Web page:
Three years ago I used Ruby to write my first program with a GUI, using the almost-built-in Tk toolkit. It wasn't very exciting*, but it impressed me as I had a working bit of software on my screen that I'd created and yet I didn't really know anything about programming. I still profess I still don't really know how to program, sure I can hack about a bit, but when it gets to classes and modules, and organising things into separate files, I glaze over.

Ruby wasn't very quick, not when searching 6.5 million line files anyway. I'd developed the programme in Octave first which was very fast (the programme was mainly matrix manipulation), but it was easy to port to Ruby where it was then (relatively) easy to build a GUI using Tk. I then had a programme that was much nicer to use. And fairly portable.

Three years on and things are much improved as far as building GUIs goes: Compare and Contrast. Or for a specific example:

In Tk,

require 'tk'
require 'tkextlib/bwidget'

root =
root.title = "Window"

combobox =
combobox.values = [1, 2, 3, 4]'height' => 25,
'width' => 100,
'x' => 10,
'y' => 10)


In Shoes, :title => "Shoes is fab" do
list_box :items => [1, 2, 3, 4],
:height => 25,
:width => 100,
:left => 10,
:top => 10

Shoes is just that little bit more pretty. And understandable.

Tk did also used to look rubbish, but it seems with version 8 it can emulate the look and feel of the platform it is running on; Shoes actually uses platform native widgets. To use Tk, you need Ruby (or language of choice) installed on whatever operating system you use and you also then need to install Tk itself. Whereas Shoes seems to work the other way round: it's a graphics toolkit that contains Ruby. This makes Shoes programmes much more easy to distribute as you can create executables for Linux, Mac and Windows and the executable contains everything that is needed to run. Shoes is also a smaller download than Tcl/Tk itself.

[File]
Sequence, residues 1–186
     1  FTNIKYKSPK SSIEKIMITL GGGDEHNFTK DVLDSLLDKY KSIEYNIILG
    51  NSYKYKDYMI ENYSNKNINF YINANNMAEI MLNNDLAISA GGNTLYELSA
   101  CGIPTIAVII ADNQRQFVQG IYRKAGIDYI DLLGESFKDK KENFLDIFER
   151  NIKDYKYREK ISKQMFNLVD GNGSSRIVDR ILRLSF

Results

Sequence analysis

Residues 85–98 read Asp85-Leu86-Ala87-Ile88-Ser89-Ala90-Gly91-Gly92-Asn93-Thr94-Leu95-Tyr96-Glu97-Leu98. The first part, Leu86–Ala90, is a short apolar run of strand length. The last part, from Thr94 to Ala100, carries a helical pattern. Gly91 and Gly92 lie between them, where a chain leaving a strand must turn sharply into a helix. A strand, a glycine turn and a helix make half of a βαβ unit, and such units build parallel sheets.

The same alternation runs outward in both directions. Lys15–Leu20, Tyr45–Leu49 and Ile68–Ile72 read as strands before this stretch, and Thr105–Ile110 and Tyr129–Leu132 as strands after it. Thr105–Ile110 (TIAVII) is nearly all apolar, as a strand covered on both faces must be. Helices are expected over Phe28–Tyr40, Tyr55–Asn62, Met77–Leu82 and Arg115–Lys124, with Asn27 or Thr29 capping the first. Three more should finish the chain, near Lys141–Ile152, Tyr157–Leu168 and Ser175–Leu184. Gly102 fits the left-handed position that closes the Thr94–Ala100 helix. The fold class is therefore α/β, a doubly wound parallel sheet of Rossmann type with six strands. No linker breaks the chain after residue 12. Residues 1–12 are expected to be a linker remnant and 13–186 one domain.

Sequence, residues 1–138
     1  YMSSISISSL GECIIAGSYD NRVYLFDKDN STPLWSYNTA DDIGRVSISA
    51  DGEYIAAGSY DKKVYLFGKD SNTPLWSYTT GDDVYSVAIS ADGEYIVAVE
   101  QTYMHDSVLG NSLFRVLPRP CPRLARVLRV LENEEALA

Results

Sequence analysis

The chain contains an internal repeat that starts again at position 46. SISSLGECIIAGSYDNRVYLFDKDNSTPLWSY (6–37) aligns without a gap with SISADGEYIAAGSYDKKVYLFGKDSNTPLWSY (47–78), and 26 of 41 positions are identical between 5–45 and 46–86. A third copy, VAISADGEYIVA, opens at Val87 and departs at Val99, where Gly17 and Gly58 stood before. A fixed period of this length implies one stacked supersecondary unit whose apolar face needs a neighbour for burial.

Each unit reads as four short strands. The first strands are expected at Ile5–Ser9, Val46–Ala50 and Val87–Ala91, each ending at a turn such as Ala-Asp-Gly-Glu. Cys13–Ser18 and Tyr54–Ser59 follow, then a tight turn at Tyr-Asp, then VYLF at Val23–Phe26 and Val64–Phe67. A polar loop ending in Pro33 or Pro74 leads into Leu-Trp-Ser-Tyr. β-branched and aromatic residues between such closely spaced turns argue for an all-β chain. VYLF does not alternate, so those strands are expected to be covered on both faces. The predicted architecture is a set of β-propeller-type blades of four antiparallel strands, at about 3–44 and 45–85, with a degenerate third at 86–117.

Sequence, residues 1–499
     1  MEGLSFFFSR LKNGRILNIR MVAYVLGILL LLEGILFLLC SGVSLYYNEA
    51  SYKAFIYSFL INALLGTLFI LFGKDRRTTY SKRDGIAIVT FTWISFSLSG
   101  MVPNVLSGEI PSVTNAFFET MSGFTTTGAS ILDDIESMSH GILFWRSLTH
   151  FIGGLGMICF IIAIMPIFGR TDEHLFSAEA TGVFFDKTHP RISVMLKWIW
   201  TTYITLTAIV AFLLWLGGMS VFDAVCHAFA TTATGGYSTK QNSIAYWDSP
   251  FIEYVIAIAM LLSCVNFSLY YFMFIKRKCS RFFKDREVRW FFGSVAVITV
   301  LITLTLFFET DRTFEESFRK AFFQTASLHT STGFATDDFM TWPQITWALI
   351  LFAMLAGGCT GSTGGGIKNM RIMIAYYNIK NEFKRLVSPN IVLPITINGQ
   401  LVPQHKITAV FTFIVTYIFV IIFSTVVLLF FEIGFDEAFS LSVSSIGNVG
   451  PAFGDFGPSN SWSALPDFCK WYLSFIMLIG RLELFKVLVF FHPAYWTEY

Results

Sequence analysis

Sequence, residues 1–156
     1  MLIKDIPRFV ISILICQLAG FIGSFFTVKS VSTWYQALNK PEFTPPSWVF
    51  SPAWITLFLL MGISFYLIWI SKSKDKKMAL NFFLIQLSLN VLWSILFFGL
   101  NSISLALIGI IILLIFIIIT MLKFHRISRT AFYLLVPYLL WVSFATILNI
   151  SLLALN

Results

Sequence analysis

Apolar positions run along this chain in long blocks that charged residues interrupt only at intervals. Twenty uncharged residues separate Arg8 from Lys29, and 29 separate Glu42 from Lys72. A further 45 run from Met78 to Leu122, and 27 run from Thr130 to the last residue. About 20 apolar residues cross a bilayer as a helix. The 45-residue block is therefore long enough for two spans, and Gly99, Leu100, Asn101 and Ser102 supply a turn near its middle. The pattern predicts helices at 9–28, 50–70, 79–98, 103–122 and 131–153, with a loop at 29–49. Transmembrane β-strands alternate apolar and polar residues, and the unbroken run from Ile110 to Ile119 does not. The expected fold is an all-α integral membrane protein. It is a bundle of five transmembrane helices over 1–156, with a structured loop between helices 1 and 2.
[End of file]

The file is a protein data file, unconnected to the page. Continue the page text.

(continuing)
The benefit of Tk over Shoes, would be that Shoes is Ruby only, whereas Tk can be used with many other languages. Alos, Shoes also isn't intended for big applications, it's more for building dashboard/widget style apps. See here for some example Shoes applications.

However, Shoes is just a mind-blowingly awesome thing. It's not yet big news (I don't think?), but it should be. It really is power to the people. When I was little you could spend ages programming from books like Usborne Computer Spacegames only to be outrageously disappointed by the end result you got on the screen. It probably put me off programming. With Shoes you can actually do cool things quickly. Without being a 'programmer'. I think that is more likely to inspire people to try and do more.

Again, a quick(?!) post has gone on too long. But just to finish with: As far as I know Shoes is being developed as a base for Hackety Hack, _why's teaching-kids-to-programme tool. And Shoes 3 should be out in the next month or so.

* I was interested so dug it out this weekend: It analysed ANSYS raw output node files looking for the node closest to a user entered co-ordinate, then used this to search the element solution file and output results for all occurrences of the node. If that node wasn't found in the element solution file, it used the next closest node, and so on. The end result could then be used to check for convergence and discontinuity.